Is there such a thing as a "low temperature" laser printer? (to prevent ink ghosting)

Hi there,

I've recently had a bunch of letter heads printed using a digital printing process.  Upon using them in my laser printer, the ink is being melted onto the drum / roller and the transferred as a ghosted image down the page.  I'm reliably informed that this is the problem with using lasr printers with such materials.

My question then is this; is there such a thing as a laser printer that operates at temperatures low enough to prevent such an ink re-melting / transfer issue?  And if so, who makes this wonderful machine?

Thanks in advance.

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b0lsc0ttIT ManagerCommented:
The comment above is correct on what the fuser does.  There may be no way to prevent this with the letterhead you have.  A different media (i.e. paper) or letterhead printing process could prevent this from being an issue in the future.

However you might also look at the printer to see if it has a setting for letterhead or transparency media.  This is usually found in the Properties area of the Printer dialog box (the one that appears when you choose to Print).  The setting can be on different tabs but I believe it is often found under Paper.  Not all printers will have the choices (letterhead, transparency, etc) but those that do might work with this letterhead.  Let me know if you need some suggestions of printers that say they support it.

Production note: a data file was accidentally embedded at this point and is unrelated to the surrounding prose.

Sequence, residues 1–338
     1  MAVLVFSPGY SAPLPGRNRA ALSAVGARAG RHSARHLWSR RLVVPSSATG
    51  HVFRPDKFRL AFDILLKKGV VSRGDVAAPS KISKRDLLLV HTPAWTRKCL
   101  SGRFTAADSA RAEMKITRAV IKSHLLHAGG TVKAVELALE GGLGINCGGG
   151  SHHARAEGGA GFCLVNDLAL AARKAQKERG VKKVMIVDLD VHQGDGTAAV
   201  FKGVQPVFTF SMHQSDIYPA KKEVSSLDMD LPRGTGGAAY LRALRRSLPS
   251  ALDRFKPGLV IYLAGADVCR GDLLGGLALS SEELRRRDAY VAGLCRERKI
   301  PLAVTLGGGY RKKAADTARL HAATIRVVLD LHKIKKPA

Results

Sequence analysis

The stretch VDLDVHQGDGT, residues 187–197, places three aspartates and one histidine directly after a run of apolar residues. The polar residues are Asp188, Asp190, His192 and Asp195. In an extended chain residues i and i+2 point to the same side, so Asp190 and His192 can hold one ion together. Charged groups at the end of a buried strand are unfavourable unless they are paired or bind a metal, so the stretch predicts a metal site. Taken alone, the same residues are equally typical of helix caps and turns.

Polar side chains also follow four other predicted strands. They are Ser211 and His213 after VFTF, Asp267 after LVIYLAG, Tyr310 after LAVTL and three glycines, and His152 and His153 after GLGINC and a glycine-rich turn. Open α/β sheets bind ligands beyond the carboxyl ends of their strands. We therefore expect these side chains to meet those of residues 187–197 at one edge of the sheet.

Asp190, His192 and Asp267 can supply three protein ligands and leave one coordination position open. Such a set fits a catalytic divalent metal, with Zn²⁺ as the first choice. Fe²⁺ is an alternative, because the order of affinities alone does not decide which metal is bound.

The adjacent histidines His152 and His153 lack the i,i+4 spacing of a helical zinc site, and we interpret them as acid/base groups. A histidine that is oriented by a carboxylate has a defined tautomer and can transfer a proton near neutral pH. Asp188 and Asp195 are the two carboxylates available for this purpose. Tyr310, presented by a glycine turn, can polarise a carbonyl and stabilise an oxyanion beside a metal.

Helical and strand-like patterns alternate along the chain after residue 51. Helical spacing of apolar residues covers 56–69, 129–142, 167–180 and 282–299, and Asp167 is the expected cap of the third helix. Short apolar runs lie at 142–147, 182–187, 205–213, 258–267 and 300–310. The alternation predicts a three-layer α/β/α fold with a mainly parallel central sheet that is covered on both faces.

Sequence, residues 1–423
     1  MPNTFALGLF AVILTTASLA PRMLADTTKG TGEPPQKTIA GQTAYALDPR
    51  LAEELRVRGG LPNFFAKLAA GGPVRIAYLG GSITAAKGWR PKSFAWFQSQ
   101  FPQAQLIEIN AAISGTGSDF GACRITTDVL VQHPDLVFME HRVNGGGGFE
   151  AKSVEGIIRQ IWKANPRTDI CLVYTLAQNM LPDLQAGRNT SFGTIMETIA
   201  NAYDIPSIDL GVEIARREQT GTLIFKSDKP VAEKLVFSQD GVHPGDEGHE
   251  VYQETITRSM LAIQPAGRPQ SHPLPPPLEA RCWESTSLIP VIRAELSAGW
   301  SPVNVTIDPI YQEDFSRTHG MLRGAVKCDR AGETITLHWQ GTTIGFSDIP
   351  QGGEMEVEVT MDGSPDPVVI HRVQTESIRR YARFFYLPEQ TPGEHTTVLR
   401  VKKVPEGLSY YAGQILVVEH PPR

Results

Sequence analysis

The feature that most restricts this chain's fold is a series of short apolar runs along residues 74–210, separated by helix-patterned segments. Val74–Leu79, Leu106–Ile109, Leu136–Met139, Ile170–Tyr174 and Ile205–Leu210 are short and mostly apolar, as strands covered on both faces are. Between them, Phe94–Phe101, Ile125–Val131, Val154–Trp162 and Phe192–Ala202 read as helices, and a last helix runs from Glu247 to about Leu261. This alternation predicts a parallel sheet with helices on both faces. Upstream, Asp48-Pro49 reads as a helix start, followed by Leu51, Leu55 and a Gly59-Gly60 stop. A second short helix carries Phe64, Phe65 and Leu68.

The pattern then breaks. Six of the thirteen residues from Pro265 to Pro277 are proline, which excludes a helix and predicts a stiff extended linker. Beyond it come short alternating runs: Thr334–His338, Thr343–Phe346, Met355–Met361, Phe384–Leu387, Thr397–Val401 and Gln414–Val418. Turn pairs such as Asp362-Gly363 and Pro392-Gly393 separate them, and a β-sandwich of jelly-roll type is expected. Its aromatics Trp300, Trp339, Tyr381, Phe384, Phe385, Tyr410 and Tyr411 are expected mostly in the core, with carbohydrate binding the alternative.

The temperatures will still be hot and the difference is probably minimal.  If, like me, you prefer to use a laser printer, you might want to make sure that the media and any preprinting done will support a laser printer.  Hopefully the setting change will be enough to make the difference here. :)

I hope this helps.  Let me know if you have a question.

Heat is required to set the toner (occurs in fuser assembly) and is inherent in laser printers.

The only good option I know of is a high quality inkjet printer.
b0lsc0tt's suggestion may work.

Another possibility is to avoid lasers altogether, and use a "solid ink" printer. These are made by Xerox only, and will print on just about anything. They use a wax-like resin to produce the image. The current model is the Phaser 8560, which typically runs at 15 ppm (spec is 30 ppm). They produce brilliant output independent of paper type. The prints are not quite as durable as those of lasers, but are more than adequate for most uses. With almost no waste, they are also far environmentally friendly than lasers.

One word of warning: most people find it difficult to go back to lasers once they are used to solid ink output quality.
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BTW, with solid ink printers the paper never gets any hotter than about 80 C, compared to around 150 C for a laser. The ink melts at around 90 C.
Danny ChildIT ManagerCommented:
If you ordered letterheads, and they aren't fit for purpose, then take them back and have them reprinted using a different technology.  

this is not something you should work around, it is your suppliers fault.
ml1n4Author Commented:
I would agree about returning the paper to the supplier as it is not fit for purpose, however, I had them done as a favour so I think I'll have to live with it... :-)
Thanks for the help guys.
p.s.  I would love a solid ink printer - they are clearly the future for environmentally conscious businesses!
b0lsc0ttIT ManagerCommented:
Your welcome!  I'm glad I could help.  Thanks for the fun question, the grade and the points.

One thing you might try is to set up a template in Word for your letterhead and print the letter and the letterhead in one pass.

Of course if you wanted color letterhead and you only have a black laser, you are out of luck.

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